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Indiana University reaches list of top Peace Corps Master's International schools

May 7, 2014
Bloomington, IN --

Rachel Schoenian with a friendBy helping restore the forests of Peru, Rachel Schoenian is helping Indiana University Bloomington grow in the national rankings of Peace Corps schools nationwide.

IU is making its debut appearance and ranks 10th on the Peace Corps’ newly released list of top Master’s International schools nationwide. Schoenian is one of 12 IU students working as Peace Corps volunteers around the world.

The Kokomo, Ind., native has been an environmental volunteer in Peru since September and is working on reforestation, waste management and environmental education projects. She earned her undergraduate degree from IU Bloomington's School of Public and Environmental Affairs last year and is now pursuing a master’s degree from SPEA focusing on policy analysis.

The Master’s International program allows students to incorporate Peace Corps service as an integral part of their graduate degree, and the Paul D. Coverdell Fellows Program provides returned Peace Corps volunteers with the opportunity to continue to serve in their communities concurrent to earning an advanced degree.

“Peace Corps’ partnerships with colleges and universities create invaluable opportunities for students to apply what they’ve learned in the classroom to real-life situations,” Peace Corps Acting Director Carrie Hessler-Radelet said.

Schoenian is considering a career closely linked to her service in Peru.

“The Peace Corps seemed like an affordable and worthwhile way to find out if international development was right for me,” she said. “Travel always teaches you something new; though sometimes it’s hard to define just exactly what you’ve learned until you return home and reflect properly on it. So far, Peru has taught me how to really, truly be patient and content in any situation that might come my way.”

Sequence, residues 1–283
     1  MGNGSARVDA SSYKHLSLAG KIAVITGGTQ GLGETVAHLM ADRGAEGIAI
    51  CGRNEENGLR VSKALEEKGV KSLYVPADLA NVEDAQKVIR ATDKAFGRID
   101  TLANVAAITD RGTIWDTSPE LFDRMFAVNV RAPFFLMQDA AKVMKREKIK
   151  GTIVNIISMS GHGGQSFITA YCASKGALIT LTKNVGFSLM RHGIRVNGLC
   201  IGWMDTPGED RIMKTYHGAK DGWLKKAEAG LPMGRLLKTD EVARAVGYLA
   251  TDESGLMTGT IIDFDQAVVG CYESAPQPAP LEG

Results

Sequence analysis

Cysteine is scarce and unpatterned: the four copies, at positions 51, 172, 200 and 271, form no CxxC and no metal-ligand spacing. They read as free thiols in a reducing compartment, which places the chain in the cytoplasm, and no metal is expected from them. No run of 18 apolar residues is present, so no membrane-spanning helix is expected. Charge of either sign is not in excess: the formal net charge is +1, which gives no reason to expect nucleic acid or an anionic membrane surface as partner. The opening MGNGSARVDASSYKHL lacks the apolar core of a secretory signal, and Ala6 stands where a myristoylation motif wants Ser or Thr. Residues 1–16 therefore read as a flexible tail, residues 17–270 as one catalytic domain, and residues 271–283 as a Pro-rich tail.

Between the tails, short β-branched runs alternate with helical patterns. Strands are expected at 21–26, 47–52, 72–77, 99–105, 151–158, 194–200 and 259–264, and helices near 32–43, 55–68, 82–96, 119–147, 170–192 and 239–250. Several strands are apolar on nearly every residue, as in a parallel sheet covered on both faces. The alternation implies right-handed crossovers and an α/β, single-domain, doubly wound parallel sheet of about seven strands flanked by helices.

While Schoenian is a SPEA student, the IU School of Education also offers the Master’s International Program to help fill a global need for well-prepared teachers of English as a Foreign and/or Second Language. Now in its fourth year, the program counts a Peace Corps service assignment as six graduate credits toward a master's degree from the Department of Literacy, Culture and Language Education at the School of Education.

Faridah Pawan, an associate professor in that department, said the program goes with the School of Education's internationalization mission.

“We're giving them early exposure to what's out there,” she said. “We're developing qualified, highly informed individuals to teach English overseas. In addition, the unique hybrid and distance education format of the IU School of Education’s Peace Corps Master's International program enables it to provide embedded and sustained support for the individuals as well.”

According to Joan Connor, who gave up her teaching job in Texas to join the Peace Corps to teach English through music in Zuunmod, Mongolia, the online format fits well with her exciting and challenging life as a Peace Corps volunteer.

“When thoughts swirl in my head at 2 a.m., how convenient to be able to arise, post, discuss and then sleep more peacefully,” she said. “The value of interacting with similar minds that have similar goals in dissimilar places is comforting when those shards of loneliness cut into a dark and frigid Saturday evening so far away from home. This IU program is my support and PC companion as I grow in myriad of ways.”

While the Master’s International and Coverdell Fellows programs are relatively new, IU has a long history of Peace Corps involvement. Since the agency was created in 1961, 1,603 IU graduates have made a difference as Peace Corps volunteers.

About the Master’s International program

Peace Corps partners with more than 80 colleges and universities nationwide to enable students to earn a master’s degree while serving in the Peace Corps. Students begin their studies on campus; serve overseas with the Peace Corps for two years; then return to school to finish graduate work. As part of a Peace Corps volunteer’s service, the volunteer will work on projects related to his or her master’s studies. For more information, visit www.peacecorps.gov/masters.